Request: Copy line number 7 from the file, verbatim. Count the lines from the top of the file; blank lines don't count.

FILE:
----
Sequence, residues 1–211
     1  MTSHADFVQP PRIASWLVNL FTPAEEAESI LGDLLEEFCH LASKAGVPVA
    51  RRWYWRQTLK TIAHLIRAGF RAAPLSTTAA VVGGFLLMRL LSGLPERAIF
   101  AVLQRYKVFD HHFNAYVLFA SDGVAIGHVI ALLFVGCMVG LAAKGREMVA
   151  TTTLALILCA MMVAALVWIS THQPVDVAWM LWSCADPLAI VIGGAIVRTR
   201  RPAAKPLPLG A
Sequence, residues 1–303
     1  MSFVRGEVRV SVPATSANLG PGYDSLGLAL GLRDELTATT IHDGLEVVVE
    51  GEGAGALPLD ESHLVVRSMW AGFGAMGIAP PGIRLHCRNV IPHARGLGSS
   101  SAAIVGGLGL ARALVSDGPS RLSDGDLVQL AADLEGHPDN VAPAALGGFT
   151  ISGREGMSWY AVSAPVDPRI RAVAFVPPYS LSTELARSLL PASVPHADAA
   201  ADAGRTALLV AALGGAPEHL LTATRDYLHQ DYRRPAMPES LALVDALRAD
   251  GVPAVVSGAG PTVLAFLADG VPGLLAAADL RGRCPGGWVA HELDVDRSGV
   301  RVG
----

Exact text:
Sequence, residues 1–303